Dropout rates

An image of a mortar board crossed out.
Michael Kellen / Wikipedia

Researchers at Duke University have new, concrete evidence that dropping out of high school leads to joblessness, hardship and incarceration. But the same study also reveals ways to help dropouts have more positive outcomes.

This DPI map shows the highest and lowest 3-year dropout rates by district.
North Carolina Department of Public Instruction

A Department of Public Instruction (DPI) report shows after seven years of progress in reducing high school dropouts, last school-year the state's dropout rate ticked up to about 2.4 percent. That's a slight rise from about 2.3 percent for the previous year.

Perils And Promise, Vance County Schools, Carolina College Advising Corps
Carolina College Advising Corps

Trying to find the best path to success can be tough for students who don’t have enough support at home or at school.  This has been found to be true in many rural school districts, across the state, including Vance County.

To help address the problem, The University of North Carolina at Chapel Hill established the first college advising corps in the state, to reach those hard-to-reach students.  We take a closer look at the advising corps in our series, Perils & Promise: Educating North Carolina’s Rural Students.

Perils and Promise, Vance County Schools, Dropout Rates
Leoneda Inge

The path from cradle to college and career has been especially hard for young Black men.  Nationally, Black males have a lower high school graduation rate than White males and Hispanic males.

Anthony Jackson, Vance County Superintendent, Vance County Schools
Vance County Schools

Many of North Carolina’s rural school districts sit in the middle of communities with struggling economies resulting in high unemployment rates, poverty rates and high school dropout rates.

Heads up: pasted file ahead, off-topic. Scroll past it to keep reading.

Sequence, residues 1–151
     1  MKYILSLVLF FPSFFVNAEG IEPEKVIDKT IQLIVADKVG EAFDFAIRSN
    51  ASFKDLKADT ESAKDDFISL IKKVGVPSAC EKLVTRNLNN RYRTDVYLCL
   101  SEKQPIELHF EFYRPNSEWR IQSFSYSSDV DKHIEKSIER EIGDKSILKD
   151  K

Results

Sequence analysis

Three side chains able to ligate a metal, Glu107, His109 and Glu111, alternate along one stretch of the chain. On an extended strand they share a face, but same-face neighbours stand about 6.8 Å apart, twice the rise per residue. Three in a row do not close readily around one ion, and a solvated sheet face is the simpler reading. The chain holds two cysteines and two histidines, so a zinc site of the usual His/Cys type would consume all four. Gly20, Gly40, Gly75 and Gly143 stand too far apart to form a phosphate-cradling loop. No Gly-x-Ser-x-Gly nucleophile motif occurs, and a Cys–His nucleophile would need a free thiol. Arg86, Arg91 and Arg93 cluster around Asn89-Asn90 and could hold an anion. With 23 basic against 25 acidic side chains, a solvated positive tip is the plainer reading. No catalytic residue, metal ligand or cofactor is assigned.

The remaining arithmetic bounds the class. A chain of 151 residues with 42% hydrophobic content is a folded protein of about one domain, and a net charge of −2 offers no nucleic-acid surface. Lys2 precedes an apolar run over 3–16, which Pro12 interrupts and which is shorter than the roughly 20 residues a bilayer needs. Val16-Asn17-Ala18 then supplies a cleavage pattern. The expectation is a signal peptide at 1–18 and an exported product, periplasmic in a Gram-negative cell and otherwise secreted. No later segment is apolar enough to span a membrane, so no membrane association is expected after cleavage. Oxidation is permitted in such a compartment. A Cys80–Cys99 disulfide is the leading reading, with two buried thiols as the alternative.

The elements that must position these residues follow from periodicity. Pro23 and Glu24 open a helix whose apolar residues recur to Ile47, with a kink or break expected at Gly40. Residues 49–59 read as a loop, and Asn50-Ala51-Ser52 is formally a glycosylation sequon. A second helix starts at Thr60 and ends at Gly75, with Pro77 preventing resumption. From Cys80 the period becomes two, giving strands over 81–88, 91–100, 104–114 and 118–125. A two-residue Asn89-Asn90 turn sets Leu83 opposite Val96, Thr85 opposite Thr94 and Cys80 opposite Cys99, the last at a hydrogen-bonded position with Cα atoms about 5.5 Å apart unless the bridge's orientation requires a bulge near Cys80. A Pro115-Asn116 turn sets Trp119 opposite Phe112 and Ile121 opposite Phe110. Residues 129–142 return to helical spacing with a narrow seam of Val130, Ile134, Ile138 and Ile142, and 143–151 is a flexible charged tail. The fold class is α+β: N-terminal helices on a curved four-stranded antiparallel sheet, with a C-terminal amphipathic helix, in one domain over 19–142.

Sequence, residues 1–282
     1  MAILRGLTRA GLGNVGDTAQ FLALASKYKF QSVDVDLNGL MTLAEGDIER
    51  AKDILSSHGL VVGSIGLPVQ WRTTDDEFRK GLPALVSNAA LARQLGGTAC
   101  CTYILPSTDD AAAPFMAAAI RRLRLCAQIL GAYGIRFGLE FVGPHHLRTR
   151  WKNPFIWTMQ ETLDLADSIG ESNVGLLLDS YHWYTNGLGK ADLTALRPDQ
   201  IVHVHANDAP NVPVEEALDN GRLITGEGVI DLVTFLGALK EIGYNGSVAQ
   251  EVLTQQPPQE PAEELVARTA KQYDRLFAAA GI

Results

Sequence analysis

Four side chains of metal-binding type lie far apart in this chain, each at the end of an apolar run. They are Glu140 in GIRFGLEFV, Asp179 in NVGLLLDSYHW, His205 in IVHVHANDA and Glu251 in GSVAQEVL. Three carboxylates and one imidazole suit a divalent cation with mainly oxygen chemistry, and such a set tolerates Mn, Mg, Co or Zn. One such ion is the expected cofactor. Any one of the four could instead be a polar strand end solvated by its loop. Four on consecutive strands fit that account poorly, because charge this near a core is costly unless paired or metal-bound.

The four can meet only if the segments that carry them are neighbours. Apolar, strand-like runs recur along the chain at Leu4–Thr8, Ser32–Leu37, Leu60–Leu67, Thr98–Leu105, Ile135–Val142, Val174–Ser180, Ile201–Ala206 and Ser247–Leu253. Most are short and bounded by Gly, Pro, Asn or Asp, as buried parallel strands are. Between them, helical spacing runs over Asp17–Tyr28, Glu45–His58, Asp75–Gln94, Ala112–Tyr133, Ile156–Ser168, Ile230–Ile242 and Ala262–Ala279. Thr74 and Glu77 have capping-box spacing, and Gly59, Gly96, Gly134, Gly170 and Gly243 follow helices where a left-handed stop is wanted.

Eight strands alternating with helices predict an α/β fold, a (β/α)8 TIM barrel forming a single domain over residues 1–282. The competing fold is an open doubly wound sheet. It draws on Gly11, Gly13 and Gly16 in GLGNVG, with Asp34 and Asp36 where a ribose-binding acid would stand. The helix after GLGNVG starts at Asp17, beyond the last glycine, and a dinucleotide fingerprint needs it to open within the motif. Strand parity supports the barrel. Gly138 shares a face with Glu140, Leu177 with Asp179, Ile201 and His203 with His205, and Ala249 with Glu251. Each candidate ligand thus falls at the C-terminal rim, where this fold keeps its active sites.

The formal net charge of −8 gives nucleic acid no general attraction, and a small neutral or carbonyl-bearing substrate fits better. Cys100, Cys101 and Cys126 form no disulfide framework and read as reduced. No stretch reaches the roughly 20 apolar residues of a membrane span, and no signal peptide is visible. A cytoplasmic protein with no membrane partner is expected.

A picture of a student doing school work.
Marco Arment / flickr.com/photos/marcoarment/1969185955

North Carolina is home to more Early College High Schools than any other state. New numbers show some of the most successful programs are in rural school districts.  Early College High Schools make it possible for students to earn an Associate’s Degree while still in high school. 

LA Johnson/NPR

North Carolina’s high school graduation rate is at an all-time high at about 83 percent. State education leaders credit several reasons: early college high school, career counseling, credit recovery programs–just to list a few.

NPR Ed recently partnered with several member stations, including WUNC, to dig into why graduation rates have been climbing. The answer isn’t an easy one – many schools use thoughtful, long-term strategies, while others rely more heavily on alternate, and often easier, routes for struggling students.  

Image of June Atkinson, who has been the North Carolina state superintendent since 2005.
North Carolina Democratic Party

June Atkinson has served as the state superintendent for almost a decade.

During her tenure there have been a number of significant changes to the state’s public education system, including the adoption of common core standards, the proliferation of charter schools, and continued debates about where education fits in the state budget.